The only player vs. player element in the game, Pokémon gyms, actually involves fighting AI controlled Pokémon rather than other players. A strong player vs. player component has been a hallmark of many successful games, from WoW and “Overwatch” to “Counter-Strike” and “League of Legends.”
Additionally, Pokémon Go needs to add team play into the mix. The game already has the structure to do this in place, with players each choosing one of three teams (Valor, Mystic, or Instinct) for gym battles.
Successful mobile games such as “Clash of Clans,” as well as more traditional games like “Minecraft,” are built around the idea of working together with other players to accomplish bigger goals. This is another critical component missing in Pokémon Go.
The game’s original concept trailer featured an epic battle where thousands of players worked together to capture the legendary Pokémon, Mewtwo.
Yet nothing like that has made it’s way into the app as of yet. Given the huge crowds the game has attracted already, you can imagine the excitement if Niantic were to release a major team-based event. But the clock is ticking, as many players are starting to lose interest.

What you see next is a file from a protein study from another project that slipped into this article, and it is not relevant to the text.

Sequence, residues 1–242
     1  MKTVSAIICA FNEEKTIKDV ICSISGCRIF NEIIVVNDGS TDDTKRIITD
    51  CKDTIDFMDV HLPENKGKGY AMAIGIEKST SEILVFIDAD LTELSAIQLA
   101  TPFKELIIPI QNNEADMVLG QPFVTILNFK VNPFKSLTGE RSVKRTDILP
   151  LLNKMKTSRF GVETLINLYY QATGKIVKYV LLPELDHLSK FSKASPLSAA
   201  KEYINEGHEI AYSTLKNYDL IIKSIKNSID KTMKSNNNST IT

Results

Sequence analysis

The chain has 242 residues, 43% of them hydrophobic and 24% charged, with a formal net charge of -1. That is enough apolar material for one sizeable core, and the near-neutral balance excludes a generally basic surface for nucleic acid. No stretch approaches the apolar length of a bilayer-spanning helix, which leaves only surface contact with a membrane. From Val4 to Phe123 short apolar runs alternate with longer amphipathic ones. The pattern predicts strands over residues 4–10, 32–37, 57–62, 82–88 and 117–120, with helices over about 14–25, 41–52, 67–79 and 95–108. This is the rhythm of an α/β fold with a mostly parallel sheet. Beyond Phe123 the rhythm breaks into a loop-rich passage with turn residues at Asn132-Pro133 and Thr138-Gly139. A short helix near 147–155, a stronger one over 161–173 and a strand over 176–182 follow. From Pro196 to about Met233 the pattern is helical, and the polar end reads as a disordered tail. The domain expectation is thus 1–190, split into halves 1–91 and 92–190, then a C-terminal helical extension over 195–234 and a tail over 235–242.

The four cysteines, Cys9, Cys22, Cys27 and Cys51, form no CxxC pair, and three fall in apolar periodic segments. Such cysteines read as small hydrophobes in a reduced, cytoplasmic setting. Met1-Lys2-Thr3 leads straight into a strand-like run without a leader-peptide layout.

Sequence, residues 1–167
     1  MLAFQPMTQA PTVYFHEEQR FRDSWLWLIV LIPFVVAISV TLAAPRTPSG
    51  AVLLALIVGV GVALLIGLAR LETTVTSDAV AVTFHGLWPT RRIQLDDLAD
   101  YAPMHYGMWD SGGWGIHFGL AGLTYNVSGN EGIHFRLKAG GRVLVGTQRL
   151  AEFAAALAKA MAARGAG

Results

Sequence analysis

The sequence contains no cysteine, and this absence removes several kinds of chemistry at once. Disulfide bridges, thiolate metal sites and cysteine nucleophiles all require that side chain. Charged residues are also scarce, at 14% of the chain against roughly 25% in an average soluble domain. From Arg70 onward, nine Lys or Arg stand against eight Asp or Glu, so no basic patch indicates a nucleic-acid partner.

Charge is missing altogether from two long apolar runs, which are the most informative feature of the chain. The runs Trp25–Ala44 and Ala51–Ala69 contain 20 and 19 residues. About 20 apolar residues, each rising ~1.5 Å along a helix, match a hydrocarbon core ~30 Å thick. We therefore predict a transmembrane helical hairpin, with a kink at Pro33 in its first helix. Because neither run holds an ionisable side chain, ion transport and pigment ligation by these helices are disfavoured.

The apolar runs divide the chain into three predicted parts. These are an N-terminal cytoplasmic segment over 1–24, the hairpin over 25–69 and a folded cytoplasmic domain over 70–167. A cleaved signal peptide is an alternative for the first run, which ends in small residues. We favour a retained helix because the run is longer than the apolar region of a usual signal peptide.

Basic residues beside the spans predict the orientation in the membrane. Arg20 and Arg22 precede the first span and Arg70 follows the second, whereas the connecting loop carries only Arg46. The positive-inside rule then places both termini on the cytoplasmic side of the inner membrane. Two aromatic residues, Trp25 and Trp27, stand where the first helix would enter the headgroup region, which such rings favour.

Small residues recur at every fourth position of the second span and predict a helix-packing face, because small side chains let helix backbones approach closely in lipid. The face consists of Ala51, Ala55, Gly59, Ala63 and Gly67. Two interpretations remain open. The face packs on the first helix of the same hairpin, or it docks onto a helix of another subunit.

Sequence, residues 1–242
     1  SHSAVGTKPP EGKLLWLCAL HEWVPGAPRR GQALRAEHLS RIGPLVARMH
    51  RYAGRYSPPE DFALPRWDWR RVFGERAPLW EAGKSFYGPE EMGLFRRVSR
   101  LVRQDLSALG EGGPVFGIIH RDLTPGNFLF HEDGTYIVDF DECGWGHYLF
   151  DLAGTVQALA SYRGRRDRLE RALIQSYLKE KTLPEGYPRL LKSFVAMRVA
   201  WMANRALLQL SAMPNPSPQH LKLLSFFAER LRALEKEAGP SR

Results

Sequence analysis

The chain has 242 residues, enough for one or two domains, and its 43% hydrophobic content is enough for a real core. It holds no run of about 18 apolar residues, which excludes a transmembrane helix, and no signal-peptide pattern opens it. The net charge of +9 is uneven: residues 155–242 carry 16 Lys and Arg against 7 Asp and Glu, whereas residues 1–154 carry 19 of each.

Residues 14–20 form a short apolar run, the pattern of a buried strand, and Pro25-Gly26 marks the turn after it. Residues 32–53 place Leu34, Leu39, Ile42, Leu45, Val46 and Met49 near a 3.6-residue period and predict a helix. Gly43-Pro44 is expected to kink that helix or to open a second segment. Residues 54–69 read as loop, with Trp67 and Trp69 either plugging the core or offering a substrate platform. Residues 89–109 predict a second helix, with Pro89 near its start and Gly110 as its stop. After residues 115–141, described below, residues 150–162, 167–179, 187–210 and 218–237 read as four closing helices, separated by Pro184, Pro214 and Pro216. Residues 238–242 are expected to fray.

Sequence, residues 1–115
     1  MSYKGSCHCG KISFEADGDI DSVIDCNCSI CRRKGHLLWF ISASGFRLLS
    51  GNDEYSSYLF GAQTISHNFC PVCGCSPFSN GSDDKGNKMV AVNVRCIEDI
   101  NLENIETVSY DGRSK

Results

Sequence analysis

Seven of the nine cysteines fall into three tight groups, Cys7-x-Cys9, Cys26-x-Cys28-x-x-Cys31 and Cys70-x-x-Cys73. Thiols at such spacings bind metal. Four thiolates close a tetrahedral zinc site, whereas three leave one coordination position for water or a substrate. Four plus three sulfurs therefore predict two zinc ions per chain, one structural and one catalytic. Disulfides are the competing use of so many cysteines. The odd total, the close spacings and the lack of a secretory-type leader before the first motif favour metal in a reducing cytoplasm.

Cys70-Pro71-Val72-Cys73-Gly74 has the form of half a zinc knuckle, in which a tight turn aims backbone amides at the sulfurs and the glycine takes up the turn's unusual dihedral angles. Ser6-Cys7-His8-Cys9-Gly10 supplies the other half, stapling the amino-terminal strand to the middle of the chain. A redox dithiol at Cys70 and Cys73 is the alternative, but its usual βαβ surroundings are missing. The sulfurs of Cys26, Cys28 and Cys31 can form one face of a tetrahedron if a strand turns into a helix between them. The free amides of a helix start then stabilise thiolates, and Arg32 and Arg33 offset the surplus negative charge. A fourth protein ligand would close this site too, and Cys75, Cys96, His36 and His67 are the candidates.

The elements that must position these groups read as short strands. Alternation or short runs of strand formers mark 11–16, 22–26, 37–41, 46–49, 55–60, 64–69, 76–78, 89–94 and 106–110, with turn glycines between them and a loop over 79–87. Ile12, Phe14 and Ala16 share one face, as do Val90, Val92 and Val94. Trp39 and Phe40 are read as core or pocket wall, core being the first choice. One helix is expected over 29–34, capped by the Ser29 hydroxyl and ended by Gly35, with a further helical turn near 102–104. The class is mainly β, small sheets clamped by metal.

Also, Pokémon Go is lacking the complex in-game economy that most social gaming platforms have.
Dating all the way back to “Everquest,” a game that’s survived since 1999, up to today’s simple mobile games like “Hay Day,” successful social games provide players the opportunity to specialize and trade with other players as way to maximize their time and money investments in the game.
Pokémon Go has hinted at introducing Pokémon trading, a hallmark of all of the original franchise’s games, yet this addition could still be some way off.
Finally, perhaps the biggest hole in Pokémon Go is that the game has neglected to capitalize on the huge world of Pokémon lore, stretching back through multiple games and multiple decades of the Pokémon TV show. The lack of any kind of story element in the game means that many people find that the initial experience gets stale after a few weeks.
Now, Niantic may be hampered by not having the rights to use some of this content, but it also could have done a lot more to weave the world of Pokémon into the real world landmarks and locations it takes players to on the map.
To be fair, Niantic has hinted that some of these features are coming. It’s already teased player vs. player battling and suggested that big things were coming for teams. But for a game that’s been so successful, it’s surprising how little there actually is to do within the game.
Here’s hoping Niantic and other game makers looking to capitalize on the future of AR gaming learn from their predecessors before it’s too late.
Nicholas L. Johnson is the co-author of “Modern Monopolies: What It Takes to Dominate the 21st Century Economy,” and Head of Platform at Applico, where he oversees the company’s research into how platforms work. In August, he became the first Pokémon Go player to successfully travel the world and capture all 145 monsters currently in the game.